What's the best answer to quarterback injuries? Run the ball. That's what the Terps have been doing all season, and that's what helped running back Ty Johnson and company taken down Minnesota last weekend after a big loss to UCF. A balanced ground attack kept the Golden Gophers defense in check and off third-string quarterback Max Bortenschlager.

Johnson is lethal when he can rack up big yards by getting to the second level and into the open field. The difference in Minneapolis was the Terps offensive line, which was able to get great pushes and create huge holes for Johnson and fellow back Lorenzo Harrison to work with.

Here in the first quarter, Harrison runs for 13 yards on a sweep to the left side. Right tackle Damian Prince and center Brendan Moore go to swing outside; Prince is able to save the play by picking up the defensive tackle penetrating, and Moore gets outside to lead block for Harrison.

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On this play in the second quarter, Ty Johnson is stopped at the line, but is able to break outside for a 21-yard run thanks to tight end Avery Edwards picking up a block and left tackle Derwin Gray being able to force his man inside.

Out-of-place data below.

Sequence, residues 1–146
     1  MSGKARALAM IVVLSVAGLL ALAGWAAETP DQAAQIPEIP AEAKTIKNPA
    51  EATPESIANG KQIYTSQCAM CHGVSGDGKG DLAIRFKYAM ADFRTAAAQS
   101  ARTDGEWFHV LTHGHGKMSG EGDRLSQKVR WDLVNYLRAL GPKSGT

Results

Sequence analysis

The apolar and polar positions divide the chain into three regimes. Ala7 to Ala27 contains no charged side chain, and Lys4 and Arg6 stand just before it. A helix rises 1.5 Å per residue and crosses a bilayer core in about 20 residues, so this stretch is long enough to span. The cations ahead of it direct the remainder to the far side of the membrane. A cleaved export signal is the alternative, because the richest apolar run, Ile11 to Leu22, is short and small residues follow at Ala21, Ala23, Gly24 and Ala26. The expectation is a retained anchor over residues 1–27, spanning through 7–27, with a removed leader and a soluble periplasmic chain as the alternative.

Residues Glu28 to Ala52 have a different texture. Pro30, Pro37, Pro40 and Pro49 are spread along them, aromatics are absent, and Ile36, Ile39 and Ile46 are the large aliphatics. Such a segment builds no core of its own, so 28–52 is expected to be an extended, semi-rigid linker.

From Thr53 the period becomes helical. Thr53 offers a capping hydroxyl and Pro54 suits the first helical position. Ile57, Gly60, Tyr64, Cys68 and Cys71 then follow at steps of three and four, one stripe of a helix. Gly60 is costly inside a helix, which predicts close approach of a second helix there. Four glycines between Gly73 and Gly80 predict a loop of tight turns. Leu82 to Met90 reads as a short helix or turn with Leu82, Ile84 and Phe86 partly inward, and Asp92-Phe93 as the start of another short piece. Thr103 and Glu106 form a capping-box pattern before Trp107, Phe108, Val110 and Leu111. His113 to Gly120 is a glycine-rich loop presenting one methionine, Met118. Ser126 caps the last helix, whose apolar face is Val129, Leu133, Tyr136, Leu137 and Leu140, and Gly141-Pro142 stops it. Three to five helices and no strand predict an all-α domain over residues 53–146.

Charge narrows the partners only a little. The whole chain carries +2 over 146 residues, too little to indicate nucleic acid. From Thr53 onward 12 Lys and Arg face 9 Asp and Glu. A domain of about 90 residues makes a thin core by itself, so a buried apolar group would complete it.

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On his game-winning 34-yard touchdown run in the fourth quarter, Johnson would've been able to walk through the hole thanks to Prince, Moore and right guard Terrance Davis. They were able to clear out the linebacker and defensive ends, sealing the B gap for Johnson to burst through for the score.

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Behind blocks like these, Johnson gouged Minnesota for 130 yards on 18 carries. Alongside Johnson, Harrison added 75 yards of his own. As a whole, the Terps piled up 262 rushing yards on 47 attempts.

Unfortunately for Maryland, this didn't happen against UFC. Here on first and 10 in the second quarter, Johnson gets stuffed at the line after the line breaks down. Tight end Derrick Hayward comes in motion, but is unable to lead block for Johnson when left guard Sean Christie can't pick up the defensive tackle, and the defense collapses in.

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This is just a glimpse at the offensive struggles against the Knights. A week later against the Gophers, there was a visible difference in the push the Terps offensive line was getting. As seen in the touchdown GIF above, the line was able to push defenders upfield and swing outside to lead block for the ball carrier.

The offensive play overall in Minneapolis was a huge improvement, thanks in large part to the progress the offensive line made. The Terps face a much steeper challenge this weekend in No. 10 Ohio State, which has allowed just 3.3 yards per carry this season, but line play like this could help Johnson and Harrison break free for some longer runs.